By Yoram Gabison

Solar energy company Sunflower Sustainable Investments and Shikun & Binui are feeling the European debt crisis, after the Spanish government backed out of sweetheart terms for solar power.

Sunflower will write down NIS 16 million of its investment in the Olmeda photovoltaic power project in Spain. Shikun & Binui and Sunflower each own 50% of the project.

The writedown is based on a valuation by an outside appraiser, which the company ordered after Spain’s national energy commission canceled special rates for the electricity generated by the project. The commission claimed the project had not fulfilled all the conditions required to receive higher rates. The higher rate is 47.02 euro cents per kilowatt-hour, which was to be reduced by between 0.25% and 0.5% annually. This tariff was supposed to be in effect for 25 years.

The Olmeda project includes 63 units of photovoltaic panels spread out over 170,000 square kilometers, providing maximum power of almost 7 megawatts. Olmeda is about 150 kilometers east of Madrid. Some 50 million euros were invested in the project, which was hooked up to the Spanish electric grid in 2008.

The project was expected to produce around 9.8 gigawatts annually, which translates into annual revenues of 4.6 million euros on average over the life of the project. In 2010, revenues were 4.8 million euros, with an operating profit of 4.3 million euros and a return on equity of 10.23%.

The price for the electricity is much higher than that paid for conventionally generated power. But in Spain, as opposed to many other places in Europe, consumers don’t pay a higher price for alternative energy. Instead, the Spanish government subsidizes alternative energy from its budget.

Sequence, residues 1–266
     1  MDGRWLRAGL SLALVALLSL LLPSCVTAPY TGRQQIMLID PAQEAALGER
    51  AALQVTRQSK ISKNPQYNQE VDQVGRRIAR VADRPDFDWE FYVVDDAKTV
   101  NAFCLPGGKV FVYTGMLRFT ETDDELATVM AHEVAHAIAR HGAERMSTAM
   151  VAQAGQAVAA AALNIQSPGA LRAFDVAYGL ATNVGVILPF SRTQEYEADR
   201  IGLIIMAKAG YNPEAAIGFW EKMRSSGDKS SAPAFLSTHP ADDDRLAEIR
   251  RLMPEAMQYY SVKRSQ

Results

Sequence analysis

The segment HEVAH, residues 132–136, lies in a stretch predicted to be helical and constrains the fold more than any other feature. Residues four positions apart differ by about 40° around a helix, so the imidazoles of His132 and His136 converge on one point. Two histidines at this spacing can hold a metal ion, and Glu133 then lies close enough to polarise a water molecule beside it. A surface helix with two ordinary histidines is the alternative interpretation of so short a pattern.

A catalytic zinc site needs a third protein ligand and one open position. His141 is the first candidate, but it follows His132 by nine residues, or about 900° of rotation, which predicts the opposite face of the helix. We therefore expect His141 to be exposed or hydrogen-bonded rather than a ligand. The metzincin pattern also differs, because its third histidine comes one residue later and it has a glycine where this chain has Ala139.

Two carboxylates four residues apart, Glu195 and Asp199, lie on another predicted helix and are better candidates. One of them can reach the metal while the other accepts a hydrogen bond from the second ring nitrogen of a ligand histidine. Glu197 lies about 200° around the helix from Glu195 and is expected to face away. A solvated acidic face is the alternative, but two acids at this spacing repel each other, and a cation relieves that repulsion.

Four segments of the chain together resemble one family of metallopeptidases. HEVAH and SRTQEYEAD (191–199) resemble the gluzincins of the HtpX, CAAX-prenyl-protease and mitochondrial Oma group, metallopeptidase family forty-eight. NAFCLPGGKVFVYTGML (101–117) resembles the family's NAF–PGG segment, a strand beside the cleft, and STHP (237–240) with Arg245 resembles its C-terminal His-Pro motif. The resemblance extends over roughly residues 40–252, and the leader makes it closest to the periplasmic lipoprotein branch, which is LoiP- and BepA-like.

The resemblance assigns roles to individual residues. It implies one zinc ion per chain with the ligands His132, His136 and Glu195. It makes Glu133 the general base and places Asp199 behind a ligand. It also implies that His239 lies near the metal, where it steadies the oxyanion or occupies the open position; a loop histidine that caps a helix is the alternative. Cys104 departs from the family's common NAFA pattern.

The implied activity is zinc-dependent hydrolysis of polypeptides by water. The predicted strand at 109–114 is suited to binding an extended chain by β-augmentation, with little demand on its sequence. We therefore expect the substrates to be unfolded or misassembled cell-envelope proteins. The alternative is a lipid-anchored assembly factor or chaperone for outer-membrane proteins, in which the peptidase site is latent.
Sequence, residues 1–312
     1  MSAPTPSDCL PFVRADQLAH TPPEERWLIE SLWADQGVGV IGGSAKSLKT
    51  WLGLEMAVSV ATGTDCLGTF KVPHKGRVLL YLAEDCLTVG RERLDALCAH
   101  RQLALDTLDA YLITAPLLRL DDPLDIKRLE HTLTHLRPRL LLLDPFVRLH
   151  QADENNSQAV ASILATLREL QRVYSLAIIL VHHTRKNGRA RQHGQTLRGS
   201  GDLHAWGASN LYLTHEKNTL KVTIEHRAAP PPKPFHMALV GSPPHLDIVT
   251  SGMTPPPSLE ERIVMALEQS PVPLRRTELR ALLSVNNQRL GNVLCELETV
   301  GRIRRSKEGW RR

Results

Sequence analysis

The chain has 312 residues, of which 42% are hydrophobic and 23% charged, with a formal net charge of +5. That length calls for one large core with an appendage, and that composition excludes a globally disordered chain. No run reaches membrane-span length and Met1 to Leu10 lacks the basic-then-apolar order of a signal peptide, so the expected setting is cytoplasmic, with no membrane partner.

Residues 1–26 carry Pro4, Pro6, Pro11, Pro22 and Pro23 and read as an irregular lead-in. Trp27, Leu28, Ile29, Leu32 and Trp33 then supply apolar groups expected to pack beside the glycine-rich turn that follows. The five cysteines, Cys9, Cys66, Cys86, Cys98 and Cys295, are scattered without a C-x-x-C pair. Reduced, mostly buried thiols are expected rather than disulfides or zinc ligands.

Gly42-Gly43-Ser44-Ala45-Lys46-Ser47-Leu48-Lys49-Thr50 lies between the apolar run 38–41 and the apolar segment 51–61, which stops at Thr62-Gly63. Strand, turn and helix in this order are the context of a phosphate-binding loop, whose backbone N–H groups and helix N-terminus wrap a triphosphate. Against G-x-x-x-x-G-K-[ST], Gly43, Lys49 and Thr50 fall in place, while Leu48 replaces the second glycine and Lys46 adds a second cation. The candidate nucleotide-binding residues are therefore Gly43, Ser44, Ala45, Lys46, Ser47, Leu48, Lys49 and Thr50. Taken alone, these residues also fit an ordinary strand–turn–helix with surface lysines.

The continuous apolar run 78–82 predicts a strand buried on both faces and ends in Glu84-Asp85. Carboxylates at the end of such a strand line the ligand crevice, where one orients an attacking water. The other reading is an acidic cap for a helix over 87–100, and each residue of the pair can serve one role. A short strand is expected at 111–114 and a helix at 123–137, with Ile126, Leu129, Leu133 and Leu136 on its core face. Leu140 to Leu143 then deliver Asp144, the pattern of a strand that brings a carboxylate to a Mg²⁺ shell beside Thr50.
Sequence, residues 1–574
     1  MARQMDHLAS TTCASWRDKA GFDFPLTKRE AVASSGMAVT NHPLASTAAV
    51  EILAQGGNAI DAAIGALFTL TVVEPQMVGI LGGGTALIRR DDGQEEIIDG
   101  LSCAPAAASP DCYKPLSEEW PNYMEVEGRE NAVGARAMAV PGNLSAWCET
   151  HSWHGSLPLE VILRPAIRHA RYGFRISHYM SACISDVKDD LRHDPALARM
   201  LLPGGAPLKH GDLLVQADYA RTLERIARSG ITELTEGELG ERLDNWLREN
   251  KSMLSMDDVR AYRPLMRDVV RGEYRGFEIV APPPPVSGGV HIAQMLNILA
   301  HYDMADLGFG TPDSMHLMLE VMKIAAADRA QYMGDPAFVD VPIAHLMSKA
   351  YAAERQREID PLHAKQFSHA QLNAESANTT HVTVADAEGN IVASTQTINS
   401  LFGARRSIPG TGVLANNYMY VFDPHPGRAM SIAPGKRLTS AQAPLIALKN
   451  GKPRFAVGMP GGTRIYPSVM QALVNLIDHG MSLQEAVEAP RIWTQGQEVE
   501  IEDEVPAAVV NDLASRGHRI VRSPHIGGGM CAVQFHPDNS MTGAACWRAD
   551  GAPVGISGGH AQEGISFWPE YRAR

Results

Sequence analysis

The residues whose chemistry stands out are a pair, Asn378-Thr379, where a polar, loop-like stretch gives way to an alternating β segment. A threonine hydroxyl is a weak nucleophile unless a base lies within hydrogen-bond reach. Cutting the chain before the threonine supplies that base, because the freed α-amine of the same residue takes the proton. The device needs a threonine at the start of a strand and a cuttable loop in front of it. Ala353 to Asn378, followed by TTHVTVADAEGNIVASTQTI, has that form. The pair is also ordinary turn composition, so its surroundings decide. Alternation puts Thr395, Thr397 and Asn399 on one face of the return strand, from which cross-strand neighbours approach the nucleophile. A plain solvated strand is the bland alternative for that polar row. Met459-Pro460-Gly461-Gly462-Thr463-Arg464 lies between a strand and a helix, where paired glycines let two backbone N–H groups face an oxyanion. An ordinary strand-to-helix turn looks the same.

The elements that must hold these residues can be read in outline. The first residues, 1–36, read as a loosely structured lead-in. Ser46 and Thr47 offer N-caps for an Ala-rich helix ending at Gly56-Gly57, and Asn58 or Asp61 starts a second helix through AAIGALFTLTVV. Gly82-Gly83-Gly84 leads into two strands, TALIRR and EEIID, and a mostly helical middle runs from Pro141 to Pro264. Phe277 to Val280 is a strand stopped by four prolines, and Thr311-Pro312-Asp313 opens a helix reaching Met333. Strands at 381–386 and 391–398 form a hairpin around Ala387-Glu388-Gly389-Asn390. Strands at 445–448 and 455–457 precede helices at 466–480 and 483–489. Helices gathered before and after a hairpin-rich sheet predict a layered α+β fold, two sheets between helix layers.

The worsening debt and budget crisis in Spain caused the Spanish government to change its policy for alternative energy subsidies in an attempt to save money. The Spaniards imposed a 50-cent tax per megawatt-hour fed into the national grid, and retroactively limited the amount of electricity to be bought at the higher rate to a period of three years starting in January 2011. As a result, the valuation conducted in the fourth quarter of 2010 by Israeli economic consulting firm Giza Singer Even lowered the value of the project by NIS 6.6 million.

Biram, Sunflower’s chairman, and CEO Orly Kyram said Spain’s energy commission determined that the construction contractor’s engineer signed the completion document for the project two months before the actual completion, in July 2008. This excuses the commission from paying the higher rates, the Spaniards said.

Sunflower will be allowed a hearing with the Spanish Energy Ministry, and will receive a final answer by August 6. If Sunflower’s appeal is turned down, it may have to write down the remaining value of the project: 18.5 million euros.

This could leave Sunflower exposed to the German bank that lent it the money for the project, which could demand some of the loans back.